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Journal of Interprofessional Practice and Collaboration

Abstract

PURPOSE: Health disparities in childbearing black women in the United States have continued through multiple decades despite overall improvements in pregnancy-related outcomes for other ethnicities. Pregnancy outcomes for black women include greater risks of maternal mortality, severe morbidity, as well as preterm and low birthweight infants. From a person-centered perspective, the description of the lived experiences of adversity for pregnant black women is missing from the literature. This omission is believed to attribute to the continued health disparities in this population.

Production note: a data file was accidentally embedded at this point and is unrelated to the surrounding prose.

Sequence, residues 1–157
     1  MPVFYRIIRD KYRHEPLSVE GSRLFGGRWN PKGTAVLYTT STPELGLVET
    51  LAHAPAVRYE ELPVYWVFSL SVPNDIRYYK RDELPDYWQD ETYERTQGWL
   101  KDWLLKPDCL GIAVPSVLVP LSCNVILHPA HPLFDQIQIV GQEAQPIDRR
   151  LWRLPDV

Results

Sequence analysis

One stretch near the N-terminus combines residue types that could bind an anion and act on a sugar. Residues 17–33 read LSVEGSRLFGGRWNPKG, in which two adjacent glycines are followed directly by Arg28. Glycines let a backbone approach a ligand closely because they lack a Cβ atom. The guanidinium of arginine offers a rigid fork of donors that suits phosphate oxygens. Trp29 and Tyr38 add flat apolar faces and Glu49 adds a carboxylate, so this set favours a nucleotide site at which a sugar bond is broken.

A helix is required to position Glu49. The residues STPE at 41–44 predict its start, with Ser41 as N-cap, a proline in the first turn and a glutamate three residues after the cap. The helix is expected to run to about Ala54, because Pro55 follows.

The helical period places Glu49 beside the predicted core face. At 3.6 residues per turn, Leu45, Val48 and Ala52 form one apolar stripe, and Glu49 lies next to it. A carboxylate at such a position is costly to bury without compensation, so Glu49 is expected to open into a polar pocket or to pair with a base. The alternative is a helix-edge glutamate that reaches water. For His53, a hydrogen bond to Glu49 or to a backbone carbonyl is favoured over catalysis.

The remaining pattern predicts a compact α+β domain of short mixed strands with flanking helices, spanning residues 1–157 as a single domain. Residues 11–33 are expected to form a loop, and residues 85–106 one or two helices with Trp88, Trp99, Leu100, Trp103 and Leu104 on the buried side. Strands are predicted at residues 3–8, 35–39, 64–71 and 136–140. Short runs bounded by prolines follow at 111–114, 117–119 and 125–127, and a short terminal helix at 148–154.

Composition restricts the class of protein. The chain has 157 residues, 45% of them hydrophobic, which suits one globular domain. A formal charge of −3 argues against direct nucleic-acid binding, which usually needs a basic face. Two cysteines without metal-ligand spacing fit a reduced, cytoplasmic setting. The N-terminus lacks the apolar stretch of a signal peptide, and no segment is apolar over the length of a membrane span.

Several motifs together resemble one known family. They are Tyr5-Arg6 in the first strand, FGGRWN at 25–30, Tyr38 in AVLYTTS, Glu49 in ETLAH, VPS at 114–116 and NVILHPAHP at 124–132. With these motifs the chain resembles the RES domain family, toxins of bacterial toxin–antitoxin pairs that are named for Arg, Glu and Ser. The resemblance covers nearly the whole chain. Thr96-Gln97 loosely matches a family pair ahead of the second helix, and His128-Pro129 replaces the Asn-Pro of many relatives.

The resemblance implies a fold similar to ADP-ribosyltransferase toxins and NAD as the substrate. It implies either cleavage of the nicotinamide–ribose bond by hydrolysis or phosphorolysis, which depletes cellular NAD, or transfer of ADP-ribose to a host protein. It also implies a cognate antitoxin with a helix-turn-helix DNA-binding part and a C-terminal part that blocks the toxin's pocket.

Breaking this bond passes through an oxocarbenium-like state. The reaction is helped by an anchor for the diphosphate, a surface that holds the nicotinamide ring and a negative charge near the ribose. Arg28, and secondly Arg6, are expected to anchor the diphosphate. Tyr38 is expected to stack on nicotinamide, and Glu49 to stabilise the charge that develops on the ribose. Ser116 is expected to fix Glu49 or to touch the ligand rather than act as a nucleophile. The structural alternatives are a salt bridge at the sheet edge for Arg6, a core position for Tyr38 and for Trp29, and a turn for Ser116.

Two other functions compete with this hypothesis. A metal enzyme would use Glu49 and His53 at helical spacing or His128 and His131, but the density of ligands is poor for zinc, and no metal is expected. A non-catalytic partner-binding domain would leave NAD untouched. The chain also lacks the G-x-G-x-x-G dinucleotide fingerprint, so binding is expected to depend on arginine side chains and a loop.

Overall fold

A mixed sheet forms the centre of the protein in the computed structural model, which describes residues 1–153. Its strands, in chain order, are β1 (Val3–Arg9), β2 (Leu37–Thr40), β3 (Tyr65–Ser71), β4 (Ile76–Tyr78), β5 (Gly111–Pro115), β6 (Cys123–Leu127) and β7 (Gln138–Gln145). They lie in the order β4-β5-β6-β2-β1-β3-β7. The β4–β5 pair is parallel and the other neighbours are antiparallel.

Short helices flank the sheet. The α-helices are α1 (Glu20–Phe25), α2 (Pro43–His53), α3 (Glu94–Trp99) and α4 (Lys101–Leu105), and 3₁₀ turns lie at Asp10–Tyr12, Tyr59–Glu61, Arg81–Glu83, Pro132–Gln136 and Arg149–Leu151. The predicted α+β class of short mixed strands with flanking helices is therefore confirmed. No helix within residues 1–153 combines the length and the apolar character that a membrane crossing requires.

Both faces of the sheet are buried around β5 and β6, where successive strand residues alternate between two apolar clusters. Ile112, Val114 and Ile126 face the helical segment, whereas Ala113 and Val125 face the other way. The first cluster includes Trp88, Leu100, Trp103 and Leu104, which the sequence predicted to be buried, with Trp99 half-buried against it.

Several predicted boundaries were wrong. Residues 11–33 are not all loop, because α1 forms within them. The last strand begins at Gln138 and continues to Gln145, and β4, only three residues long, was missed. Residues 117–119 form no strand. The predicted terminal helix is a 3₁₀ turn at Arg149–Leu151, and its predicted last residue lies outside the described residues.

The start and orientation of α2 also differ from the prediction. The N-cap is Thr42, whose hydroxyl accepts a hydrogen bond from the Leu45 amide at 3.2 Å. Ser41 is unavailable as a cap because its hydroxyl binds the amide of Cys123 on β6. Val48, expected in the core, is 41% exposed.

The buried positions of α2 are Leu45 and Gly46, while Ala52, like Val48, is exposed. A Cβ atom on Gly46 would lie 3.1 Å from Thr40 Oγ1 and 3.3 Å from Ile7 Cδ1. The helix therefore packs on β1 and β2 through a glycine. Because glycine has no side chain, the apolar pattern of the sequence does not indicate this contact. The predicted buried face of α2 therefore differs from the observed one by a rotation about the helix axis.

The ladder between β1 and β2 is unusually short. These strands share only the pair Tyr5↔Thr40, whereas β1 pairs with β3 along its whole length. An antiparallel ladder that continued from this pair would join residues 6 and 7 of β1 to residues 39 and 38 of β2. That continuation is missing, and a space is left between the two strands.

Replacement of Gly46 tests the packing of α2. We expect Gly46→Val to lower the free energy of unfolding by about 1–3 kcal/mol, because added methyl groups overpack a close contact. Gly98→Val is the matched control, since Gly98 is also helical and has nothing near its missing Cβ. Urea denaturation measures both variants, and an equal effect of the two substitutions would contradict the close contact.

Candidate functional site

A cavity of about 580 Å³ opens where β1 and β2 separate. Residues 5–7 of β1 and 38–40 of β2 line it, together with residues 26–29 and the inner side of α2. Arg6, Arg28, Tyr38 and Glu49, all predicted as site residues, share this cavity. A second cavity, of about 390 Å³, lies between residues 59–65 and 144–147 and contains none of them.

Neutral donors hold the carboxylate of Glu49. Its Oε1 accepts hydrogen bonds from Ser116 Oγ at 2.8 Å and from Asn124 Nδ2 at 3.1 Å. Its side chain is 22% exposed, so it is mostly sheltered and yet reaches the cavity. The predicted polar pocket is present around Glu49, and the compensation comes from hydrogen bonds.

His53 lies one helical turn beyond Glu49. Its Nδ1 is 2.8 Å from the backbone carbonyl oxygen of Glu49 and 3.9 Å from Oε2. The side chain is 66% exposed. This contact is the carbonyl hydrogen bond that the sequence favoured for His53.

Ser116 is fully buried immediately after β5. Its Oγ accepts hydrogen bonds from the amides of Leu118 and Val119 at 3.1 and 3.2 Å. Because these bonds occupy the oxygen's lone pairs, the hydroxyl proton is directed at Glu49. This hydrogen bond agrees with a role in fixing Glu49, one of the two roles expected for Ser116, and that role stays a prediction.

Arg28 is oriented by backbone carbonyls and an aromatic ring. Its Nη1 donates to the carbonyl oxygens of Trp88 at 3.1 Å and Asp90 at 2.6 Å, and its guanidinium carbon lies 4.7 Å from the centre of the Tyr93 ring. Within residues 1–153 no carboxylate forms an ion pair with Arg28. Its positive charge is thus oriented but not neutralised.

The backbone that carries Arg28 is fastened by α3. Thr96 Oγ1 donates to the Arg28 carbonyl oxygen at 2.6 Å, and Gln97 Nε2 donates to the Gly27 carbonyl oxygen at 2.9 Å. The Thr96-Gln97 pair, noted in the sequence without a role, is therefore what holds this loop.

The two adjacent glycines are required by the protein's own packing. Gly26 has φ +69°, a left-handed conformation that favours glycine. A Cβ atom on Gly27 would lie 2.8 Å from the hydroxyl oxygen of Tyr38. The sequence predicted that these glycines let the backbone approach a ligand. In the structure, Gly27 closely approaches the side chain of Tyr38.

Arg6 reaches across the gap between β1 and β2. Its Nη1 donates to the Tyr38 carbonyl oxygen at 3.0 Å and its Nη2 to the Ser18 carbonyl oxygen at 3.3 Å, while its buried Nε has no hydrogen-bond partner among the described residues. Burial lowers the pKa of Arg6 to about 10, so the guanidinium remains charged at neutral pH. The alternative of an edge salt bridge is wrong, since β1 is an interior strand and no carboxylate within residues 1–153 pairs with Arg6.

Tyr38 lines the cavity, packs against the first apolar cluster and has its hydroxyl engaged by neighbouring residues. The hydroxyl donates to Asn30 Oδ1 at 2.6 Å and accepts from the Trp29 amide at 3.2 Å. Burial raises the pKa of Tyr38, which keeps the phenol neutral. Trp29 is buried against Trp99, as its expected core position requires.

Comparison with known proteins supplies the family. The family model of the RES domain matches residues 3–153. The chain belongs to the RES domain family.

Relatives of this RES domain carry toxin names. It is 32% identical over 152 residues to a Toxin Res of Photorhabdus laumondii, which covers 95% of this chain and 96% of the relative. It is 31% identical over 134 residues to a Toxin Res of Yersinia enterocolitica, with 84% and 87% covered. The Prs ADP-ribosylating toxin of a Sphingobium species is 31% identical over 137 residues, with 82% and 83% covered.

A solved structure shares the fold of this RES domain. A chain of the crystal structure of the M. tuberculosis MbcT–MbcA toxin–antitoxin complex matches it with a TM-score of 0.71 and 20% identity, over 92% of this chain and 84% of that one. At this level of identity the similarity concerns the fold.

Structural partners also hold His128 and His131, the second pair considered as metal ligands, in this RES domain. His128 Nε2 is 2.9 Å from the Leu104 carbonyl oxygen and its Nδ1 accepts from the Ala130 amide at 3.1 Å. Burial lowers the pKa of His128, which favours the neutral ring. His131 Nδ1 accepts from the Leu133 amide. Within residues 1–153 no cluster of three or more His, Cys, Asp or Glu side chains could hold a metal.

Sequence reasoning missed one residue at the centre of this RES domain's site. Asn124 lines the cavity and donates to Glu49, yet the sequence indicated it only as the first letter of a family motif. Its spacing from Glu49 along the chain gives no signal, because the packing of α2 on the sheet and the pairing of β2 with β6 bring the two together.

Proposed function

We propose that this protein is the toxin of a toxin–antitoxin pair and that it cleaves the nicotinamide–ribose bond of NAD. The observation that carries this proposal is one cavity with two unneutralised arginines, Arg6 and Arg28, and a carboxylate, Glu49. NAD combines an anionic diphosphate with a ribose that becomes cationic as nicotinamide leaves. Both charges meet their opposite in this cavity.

METHODS: While the study was originally designed using focus group methodology for data collection for a larger number of voices, the resulting analysis of one participant provides a strong case study of the lived experience of one woman during pregnancy. A qualitative design using a phenomenological approach with hermeneutic interpretation was used.

RESULTS: Three themes emerged from the data analysis process, mothering in a scary world, just being another black woman, and being a strong black woman.

CONCLUSIONS: The results provide a foundation and experience to move forward with a refined recruitment approach to ensure that more voices are heard in the quest to improve maternal services for black women.

Article text_Feb_2020.docx (61 kB)
updated manuscript based on reviewer comments

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